According to Mnuchin, the stimulus check will be worth up to $1,200 for individuals who made $75,000 or less on their last tax filing. The amount will decrease incrementally from there, cutting off entirely at $98,000. Once again, the amounts will be doubled for couples who file jointly, and an additional $500 will be included for underage dependents on the filers' taxes.prevnext
According to a report by The Hill, the second stimulus package will not include renewal or an extension of the $600 unemployment enhancement. Instead, White House Chief of Staff Mark Meadows told reporters that they are working with Senators on a different to deal with the problem of lacking unemployment payments.
"We're really trying to look at trying to make sure that we have a comprehensive bill that deals with the issues," Meadows said. "Any short-term extensions would defy the history of Congress, which would indicate that it would just be met with another short-term extension. We're optimistic that we can continue to find a real solution and hopefully reaching a compromise."
What exactly their new plan has not been revealed, however, Republicans had previously proposed the idea of a smaller federal enhancement to unemployment checks, perhaps with different parameters. This key issue may be one of the reasons the bill has been delayed.prevnext
In another interview with Fox Business, Mnuchin highlighted the idea of including federal funding for public schools in the next stimulus package, implying that this is a high priority. From the sound of it, this will not only be intended to ensure safety measures in schools, but to protect schools from lawsuits brought by the families of those who get sick in them.
"We want to make sure that frivolous lawsuits don't prevent schools, universities, and businesses from reopening," he said.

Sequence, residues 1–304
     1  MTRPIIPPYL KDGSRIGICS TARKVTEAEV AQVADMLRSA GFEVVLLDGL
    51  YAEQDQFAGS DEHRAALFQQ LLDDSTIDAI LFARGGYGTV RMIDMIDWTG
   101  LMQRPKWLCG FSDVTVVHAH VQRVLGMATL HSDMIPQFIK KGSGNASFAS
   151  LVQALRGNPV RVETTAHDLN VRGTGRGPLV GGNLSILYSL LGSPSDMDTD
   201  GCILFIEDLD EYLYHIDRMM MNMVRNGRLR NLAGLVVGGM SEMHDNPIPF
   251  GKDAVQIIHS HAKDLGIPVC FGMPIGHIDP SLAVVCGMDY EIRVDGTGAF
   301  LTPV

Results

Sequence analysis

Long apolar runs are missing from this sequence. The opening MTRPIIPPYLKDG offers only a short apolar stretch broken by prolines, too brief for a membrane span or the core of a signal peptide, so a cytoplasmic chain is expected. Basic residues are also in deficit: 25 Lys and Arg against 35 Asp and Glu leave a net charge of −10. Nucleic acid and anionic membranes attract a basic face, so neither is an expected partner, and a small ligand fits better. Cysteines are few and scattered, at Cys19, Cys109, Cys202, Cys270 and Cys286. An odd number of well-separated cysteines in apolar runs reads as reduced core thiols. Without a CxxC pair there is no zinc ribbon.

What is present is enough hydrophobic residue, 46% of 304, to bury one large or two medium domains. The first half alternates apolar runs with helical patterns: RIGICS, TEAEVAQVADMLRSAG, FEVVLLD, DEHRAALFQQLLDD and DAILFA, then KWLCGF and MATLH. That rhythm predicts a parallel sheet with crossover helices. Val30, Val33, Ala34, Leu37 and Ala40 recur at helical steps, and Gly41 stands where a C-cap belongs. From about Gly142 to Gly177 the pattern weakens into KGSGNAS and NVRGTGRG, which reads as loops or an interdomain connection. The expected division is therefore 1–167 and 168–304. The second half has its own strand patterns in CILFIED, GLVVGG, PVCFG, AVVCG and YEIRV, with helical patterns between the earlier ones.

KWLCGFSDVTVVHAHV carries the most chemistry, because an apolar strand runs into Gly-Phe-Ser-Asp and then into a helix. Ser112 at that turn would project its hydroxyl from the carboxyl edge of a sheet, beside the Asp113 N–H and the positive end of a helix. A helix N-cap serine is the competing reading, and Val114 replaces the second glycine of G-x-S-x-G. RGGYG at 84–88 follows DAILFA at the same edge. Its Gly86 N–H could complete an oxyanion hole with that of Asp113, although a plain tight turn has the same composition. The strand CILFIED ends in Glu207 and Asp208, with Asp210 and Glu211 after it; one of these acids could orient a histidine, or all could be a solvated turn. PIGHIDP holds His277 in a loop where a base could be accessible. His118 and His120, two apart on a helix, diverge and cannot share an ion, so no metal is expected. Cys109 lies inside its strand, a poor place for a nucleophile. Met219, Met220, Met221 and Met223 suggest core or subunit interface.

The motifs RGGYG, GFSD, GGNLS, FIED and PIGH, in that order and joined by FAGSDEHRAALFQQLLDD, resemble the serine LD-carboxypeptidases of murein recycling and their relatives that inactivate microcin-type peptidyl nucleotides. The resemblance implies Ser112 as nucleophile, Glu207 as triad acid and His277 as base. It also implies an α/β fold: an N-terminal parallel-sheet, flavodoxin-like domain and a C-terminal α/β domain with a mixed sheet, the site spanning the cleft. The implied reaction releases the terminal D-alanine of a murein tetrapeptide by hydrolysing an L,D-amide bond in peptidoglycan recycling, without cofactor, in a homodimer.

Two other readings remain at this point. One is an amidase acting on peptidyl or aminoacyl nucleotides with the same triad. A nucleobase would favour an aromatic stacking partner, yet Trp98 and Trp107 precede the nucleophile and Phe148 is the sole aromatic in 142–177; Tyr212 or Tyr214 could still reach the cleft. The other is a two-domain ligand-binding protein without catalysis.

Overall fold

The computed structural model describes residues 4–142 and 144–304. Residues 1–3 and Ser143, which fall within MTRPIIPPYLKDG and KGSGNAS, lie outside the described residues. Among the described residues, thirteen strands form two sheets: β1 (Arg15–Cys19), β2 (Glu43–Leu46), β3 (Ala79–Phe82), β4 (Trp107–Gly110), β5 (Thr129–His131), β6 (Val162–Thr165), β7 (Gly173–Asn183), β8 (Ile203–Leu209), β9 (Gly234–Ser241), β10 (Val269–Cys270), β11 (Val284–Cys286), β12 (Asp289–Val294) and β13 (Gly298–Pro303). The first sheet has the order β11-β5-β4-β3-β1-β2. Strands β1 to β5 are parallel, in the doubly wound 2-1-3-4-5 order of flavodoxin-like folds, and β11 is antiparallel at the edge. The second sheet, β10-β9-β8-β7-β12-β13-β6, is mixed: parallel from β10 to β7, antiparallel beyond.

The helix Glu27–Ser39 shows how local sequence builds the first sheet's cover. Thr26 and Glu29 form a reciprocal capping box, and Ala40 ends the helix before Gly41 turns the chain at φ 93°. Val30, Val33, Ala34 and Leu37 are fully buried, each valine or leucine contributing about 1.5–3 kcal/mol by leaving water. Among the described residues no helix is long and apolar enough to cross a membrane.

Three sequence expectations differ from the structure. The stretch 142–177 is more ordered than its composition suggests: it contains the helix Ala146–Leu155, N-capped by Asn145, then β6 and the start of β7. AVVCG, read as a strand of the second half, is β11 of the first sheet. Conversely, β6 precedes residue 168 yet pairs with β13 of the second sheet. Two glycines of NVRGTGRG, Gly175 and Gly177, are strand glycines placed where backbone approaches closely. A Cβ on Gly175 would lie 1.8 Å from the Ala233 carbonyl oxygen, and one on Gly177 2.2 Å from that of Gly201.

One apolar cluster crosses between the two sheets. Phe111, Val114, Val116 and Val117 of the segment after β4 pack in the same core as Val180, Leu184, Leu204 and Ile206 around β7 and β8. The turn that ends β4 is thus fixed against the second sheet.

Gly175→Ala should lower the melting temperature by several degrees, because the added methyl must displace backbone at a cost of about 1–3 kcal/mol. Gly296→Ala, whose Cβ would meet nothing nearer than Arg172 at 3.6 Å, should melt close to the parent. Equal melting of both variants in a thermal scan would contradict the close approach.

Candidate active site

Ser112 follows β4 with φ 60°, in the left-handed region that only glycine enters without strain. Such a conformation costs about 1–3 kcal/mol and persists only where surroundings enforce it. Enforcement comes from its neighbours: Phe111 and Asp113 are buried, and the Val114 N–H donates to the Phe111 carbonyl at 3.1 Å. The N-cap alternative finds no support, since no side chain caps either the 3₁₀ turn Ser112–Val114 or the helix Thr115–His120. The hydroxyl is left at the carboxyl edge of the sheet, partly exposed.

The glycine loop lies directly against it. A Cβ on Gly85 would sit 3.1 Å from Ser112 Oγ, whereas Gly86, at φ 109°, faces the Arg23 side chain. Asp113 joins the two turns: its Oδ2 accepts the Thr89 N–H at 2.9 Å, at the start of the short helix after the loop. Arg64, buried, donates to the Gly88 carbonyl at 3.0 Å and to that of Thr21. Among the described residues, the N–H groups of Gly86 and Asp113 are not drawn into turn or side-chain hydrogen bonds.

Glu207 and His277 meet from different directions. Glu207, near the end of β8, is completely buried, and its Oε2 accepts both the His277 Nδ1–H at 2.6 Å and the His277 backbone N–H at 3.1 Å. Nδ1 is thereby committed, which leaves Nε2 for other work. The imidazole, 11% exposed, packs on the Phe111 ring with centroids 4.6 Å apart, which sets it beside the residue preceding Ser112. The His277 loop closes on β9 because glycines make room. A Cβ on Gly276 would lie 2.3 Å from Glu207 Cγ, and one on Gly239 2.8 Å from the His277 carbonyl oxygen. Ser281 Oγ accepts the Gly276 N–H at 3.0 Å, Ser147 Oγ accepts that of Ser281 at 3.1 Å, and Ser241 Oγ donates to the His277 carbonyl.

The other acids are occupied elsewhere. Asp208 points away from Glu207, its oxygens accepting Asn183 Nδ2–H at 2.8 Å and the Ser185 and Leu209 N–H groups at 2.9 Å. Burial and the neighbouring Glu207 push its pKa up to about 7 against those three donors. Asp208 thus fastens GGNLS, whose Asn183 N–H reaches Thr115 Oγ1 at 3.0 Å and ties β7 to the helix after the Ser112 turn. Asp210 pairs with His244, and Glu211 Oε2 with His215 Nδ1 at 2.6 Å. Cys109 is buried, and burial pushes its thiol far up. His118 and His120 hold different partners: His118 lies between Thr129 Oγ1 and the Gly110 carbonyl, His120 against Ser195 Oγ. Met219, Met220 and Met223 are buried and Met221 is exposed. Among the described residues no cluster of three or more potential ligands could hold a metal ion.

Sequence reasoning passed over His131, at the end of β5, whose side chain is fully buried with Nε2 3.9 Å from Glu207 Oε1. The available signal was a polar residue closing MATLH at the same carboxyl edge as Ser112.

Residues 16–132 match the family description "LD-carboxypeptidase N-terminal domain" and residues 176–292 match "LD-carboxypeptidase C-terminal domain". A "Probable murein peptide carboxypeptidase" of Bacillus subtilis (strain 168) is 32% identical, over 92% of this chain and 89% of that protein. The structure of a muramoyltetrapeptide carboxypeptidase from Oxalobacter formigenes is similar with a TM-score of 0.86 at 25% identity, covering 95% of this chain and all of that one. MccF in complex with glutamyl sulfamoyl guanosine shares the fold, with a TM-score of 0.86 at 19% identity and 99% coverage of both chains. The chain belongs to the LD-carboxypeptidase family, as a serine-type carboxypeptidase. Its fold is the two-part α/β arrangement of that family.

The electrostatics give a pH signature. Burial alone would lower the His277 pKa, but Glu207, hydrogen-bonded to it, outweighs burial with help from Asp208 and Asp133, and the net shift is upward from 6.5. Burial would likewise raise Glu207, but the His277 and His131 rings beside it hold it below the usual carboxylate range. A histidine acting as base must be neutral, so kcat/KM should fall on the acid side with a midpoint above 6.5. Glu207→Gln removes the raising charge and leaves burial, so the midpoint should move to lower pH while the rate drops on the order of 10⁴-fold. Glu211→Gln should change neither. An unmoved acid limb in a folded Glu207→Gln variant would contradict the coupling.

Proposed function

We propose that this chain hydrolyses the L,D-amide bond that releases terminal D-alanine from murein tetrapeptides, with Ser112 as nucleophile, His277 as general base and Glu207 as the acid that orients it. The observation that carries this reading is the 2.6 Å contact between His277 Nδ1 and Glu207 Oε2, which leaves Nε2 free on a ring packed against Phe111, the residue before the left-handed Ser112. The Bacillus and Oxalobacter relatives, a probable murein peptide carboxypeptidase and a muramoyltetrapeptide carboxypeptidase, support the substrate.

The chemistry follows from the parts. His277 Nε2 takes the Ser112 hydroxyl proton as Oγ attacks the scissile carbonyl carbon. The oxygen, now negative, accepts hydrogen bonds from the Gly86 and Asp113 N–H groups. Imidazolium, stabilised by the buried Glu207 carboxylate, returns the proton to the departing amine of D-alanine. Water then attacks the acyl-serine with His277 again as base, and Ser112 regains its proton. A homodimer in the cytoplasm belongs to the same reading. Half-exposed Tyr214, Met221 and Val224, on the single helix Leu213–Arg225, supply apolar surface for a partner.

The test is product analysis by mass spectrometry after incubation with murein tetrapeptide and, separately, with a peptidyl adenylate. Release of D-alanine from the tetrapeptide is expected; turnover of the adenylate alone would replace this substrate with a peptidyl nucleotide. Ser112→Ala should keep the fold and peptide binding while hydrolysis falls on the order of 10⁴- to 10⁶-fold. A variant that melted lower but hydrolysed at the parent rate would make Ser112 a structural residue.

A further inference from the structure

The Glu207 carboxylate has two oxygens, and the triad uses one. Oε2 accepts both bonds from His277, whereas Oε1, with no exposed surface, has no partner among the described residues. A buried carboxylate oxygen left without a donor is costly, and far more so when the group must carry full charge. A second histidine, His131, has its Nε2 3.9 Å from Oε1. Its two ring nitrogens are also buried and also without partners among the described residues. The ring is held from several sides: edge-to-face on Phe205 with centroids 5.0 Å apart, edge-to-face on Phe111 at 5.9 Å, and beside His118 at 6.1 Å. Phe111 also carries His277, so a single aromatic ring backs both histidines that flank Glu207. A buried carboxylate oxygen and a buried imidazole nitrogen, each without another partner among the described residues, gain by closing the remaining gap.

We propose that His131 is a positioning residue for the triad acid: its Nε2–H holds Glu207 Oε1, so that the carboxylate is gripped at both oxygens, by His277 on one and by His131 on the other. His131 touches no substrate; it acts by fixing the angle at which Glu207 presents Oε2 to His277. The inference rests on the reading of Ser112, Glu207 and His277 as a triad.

Many are still criticizing the Trump administration's insistence on re-opening public schools across the U.S. this fall, despite the outcry of public health officials.prevnext
With the July 21 benchmark in the rearview mirror, lawmakers are now facing a new deadline for the next stimulus package: Aug. 7. This may be a more firm deadline, as the Senate is schedules to break for a three-week recess on that day. If nothing is passed by then, there may be a 32-day long period where no new legislation can be passed, according to a report by Forbes.
This does not just mean that the bill needs to be written by Aug. 7, but that it needs to be passed by the Senate, negotiated on by the House and then returned to the Senate again. This is normally a prolonged process that has already been shortened severely to deal with the urgent need.
Both the Senate and Congress are capable of altering their recess schedules to work on urgent matters if they need to. However, given that the Senate did not abbreviate its two-week recess in July, it seems safe to assume that they intend to do the same with their break from the first weekend in August until Labor Day.prevnext
With that in mind, the Senate has an ambitious new timeline for the coronavirus relief legislation, and the deployment of the second stimulus check. According to a report by CNBC, McConnell expects to present his completed stimulus package proposal "early next week," and that that will include the consent of the Trump administration. "We have an agreement in principle on the shape of the package," McConnell said.
That would still leave the Senate and Congress with no more than two weeks to negotiate the stimulus bill, meaning it would most likely pass at the last minute on Aug. 7. At that point, the IRS would need at least a little time prepare the stimulus check itself for distribution, though hopefully, it would go faster than last time. The last stimulus check began arriving in bank accounts about a month after the CARES Act was passed.prev